NANDAGIRI, India — Two years after violent attacks against Christians in the eastern Indian state of Orissa, the forgiveness shown by Christians is inspiring some of their Hindu neighbors. Some are even converting.
Christians who have been displaced, meanwhile, are living a difficult life.
“We are here because of our faith,” said Sabita Nayak, who leads a harsh life on the slopes of the desolate road passing through hilly Nandagiri in troubled Kandhamal district.
After living in a cramped refugee camp for nearly a year, Sabita’s family, along with four dozen other Catholic families of Beticola village, were dumped at Nandagiri by state officials in June 2009.
Since then the Catholic families have been struggling in a no-man’s land without water or toilets.
“Many of the Christians could go back (to their villages). But we had no choice,” Sabita explained.
The reason: The Hindu fundamentalists of Beticola were adamant that they would not allow the Christians to set foot in their village unless they forsook their faith.
Reluctant to take on the fundamentalists, the Kandhamal administration found an easy way out and “transplanted” these families at a forsaken government forest area — about 10 miles from their native village.
“If you become Hindu, we will not break your house” was the threat Sabita heard in August 2008.
Following the murder of Swami Lakshmanananda Saraswati on Aug. 23 that year, Christian targets went up in flames. Saraswati had led a vociferous campaign against conversions to Christianity in Kandhamal.
Though Maoist rebels claimed responsibility for the murder, fundamentalist groups alleged that the Swami’s murder was a “Christian conspiracy,” and the fundamentalists pounded the Christians.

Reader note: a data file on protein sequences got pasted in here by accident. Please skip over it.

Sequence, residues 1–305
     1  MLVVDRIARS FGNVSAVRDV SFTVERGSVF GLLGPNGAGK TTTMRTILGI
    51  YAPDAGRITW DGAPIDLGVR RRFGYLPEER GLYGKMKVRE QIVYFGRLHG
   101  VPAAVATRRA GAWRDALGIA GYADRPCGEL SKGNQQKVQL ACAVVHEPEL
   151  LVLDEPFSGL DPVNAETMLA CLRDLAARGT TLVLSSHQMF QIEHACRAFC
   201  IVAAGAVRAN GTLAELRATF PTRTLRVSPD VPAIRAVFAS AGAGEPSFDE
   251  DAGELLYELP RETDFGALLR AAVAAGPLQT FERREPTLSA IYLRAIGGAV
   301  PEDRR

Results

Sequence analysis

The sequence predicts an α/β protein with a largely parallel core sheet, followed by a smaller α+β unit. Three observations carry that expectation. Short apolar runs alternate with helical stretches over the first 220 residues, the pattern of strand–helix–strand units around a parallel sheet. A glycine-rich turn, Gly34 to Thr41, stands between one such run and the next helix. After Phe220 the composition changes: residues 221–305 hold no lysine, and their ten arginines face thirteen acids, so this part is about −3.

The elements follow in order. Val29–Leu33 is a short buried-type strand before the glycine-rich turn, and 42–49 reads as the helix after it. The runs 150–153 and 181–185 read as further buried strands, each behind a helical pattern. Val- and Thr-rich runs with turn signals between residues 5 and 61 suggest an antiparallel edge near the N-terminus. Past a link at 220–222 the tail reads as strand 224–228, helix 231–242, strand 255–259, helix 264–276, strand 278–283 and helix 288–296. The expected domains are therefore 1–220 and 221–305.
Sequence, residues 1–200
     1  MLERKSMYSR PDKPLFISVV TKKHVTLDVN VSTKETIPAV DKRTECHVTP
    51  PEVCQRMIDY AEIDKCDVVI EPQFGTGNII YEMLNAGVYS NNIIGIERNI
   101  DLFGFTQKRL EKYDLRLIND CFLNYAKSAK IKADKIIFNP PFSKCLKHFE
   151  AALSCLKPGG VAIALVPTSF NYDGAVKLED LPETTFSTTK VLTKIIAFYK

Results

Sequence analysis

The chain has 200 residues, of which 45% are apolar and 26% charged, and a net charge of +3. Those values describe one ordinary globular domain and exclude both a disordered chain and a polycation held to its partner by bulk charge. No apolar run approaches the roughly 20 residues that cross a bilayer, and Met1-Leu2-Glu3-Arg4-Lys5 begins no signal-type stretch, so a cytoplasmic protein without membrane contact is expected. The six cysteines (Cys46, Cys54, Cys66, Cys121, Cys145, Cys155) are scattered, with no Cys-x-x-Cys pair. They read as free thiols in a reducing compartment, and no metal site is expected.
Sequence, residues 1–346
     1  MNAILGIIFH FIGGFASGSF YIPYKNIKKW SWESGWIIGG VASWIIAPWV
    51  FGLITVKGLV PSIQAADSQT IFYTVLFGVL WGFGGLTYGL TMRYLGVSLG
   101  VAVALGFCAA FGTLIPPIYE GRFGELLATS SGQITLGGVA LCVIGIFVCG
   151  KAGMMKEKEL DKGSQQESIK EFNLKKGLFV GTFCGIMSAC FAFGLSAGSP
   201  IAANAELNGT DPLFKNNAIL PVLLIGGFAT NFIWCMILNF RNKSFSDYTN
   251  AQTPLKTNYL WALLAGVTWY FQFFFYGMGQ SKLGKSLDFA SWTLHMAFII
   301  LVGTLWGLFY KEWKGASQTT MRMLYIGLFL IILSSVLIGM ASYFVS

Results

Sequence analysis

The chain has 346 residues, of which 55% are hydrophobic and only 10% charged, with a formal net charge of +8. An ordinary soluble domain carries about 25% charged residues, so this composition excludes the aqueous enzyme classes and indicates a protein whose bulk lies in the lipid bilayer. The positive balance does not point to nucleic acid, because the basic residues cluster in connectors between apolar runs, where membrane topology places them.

Thousands of Christians had been herded out of their villages and corralled into temples like lambs being led to slaughter houses and forcibly reconverted to Hinduism. Their persecutors told them that Christianity is a “foreign religion and only Hindus can live in Kandhamal.”
While those who refused were beaten up and brutally murdered, thousands were forced to drink cow dung water to “purify” them and to chant dreadful oaths preventing them from returning to the churches.
In the widespread violence against Christians that went on unabated for weeks, more than 90 Christians were killed, over 5,000 Christian houses and 300 churches and Christian institutions were looted and torched, and 54,000 Christians were displaced.
“From the beginning of Christianity, there has been persecution. It is part of Christian life,” reasoned another Catholic, Chrisanto Mallick, sitting inside one of the new houses blessed on July 6.
Mallick said that he was benefiting from the troubles. With charities building houses for Christians on a small plot of land allotted them by the government, he earns his wages as a stone mason.
On the other hand, he said, many of the families are struggling. Despite 50 families living there, an eerie silence haunts the new Christian settlement.
As Mallick pointed out, “Can you find many children here?”